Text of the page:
The latter question alludes to the role of industry in OMB's review of the information collection request. Several industry groups filed public comments asking OMB to reject EPA's request.

Importance of reliable data

The impact, critics fear, is that EPA will not be able to receive the proper data on exposure to harmful chemicals. "Getting a clear picture of those risks requires up-to-date, evidence-based science," said Kathryn Gilje, Executive Director of Pesticide Action Network North America.

The 11 tests, or assays, EPA has developed to screen for endocrine disrupting effects would evaluate chemicals' effects on a variety of human and animal functions, including reproduction, sexual differentiation and development, and thyroid function. Under Tier 1 of the EDSP, if satisfactory existing studies do not exist, manufacturers will subject their chemicals to EPA's test battery (which has also been criticized). If a chemical is identified as an endocrine disruptor, it advances to Tier 2, where scientists will attempt to pinpoint a dose-response relationship.

An EPA scientific advisory committee formed to aid in the design of the EDSP first addressed the issue of existing studies in 1998: "There are numerous reasons for using only validated assays. These include: having confidence that the assay is detecting the effect it purports to be detecting, that the results of the assay are reproducible and comparable from laboratory to laboratory, and that the results permit a comparison of the toxicity of various chemicals."

The full impact of OMB's comments cannot be gauged until manufacturers begin responding to EPA's orders for information. If manufacturers attempt to submit other scientifically relevant information that is not sufficient to determine endocrine disrupting effects, EPA will face a choice over whether to accept it. The back and forth between EPA and industry, which could occur for multiple chemicals, will in part shape the EDSP.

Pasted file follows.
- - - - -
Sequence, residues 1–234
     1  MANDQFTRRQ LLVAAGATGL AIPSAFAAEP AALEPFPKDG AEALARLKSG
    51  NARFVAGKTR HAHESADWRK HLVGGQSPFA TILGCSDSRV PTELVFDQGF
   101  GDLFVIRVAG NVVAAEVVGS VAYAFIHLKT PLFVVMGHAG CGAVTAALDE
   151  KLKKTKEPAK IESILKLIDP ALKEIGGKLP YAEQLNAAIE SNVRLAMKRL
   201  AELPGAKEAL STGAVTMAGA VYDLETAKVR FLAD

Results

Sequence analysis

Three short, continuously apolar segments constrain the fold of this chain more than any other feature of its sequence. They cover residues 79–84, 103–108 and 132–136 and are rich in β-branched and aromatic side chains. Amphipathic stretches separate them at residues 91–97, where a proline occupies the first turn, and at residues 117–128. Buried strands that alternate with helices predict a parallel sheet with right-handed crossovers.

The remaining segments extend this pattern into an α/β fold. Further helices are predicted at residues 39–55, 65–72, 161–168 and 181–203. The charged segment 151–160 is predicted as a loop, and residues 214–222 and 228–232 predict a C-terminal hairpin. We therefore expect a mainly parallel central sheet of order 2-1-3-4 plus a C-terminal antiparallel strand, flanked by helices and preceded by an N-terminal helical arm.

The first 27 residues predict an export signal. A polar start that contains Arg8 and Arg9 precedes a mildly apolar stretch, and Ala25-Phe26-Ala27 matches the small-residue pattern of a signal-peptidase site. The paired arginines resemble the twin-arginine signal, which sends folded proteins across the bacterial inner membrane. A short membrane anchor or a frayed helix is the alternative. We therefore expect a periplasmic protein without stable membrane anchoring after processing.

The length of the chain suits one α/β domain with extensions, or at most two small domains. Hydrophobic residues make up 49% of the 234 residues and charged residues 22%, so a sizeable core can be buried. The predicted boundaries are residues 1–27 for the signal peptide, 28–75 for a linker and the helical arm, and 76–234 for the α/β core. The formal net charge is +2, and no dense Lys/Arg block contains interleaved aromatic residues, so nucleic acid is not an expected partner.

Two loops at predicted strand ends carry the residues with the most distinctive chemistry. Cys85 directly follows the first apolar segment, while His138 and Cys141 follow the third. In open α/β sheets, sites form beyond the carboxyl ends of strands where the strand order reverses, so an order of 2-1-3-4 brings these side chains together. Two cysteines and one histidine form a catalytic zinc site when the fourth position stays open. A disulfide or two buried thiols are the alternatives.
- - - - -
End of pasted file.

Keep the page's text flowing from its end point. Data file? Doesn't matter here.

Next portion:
EPA may also experience political consequences if it seeks to add chemicals to the EDSP beyond the 67 currently included. In addition to encouraging EPA to use other scientifically relevant information, OMB asked EPA to revise its estimates for the time the agency expects manufacturers to spend complying with EDSP test orders. EPA must present its revisions if it decides to seek approval to send test orders for additional chemicals, OMB said, at which time OMB may approve or disapprove the request.

If for any reason EPA is unable to obtain information on the endocrine disrupting properties of chemicals, public health could suffer. Endocrine disruptors have been blamed for health effects in both humans and animals, including birth defects and thyroid problems. Endocrine disruptors were also implicated after researchers discovered that 80 percent of male smallmouth bass in the Potomac River watershed are producing immature female eggs. Similar intersex fish have been discovered in other water bodies across the country.

Without reliable science on low-dose exposure to endocrine disruptors, government officials will be unable to determine the best steps to manage the risk to public health and the environment.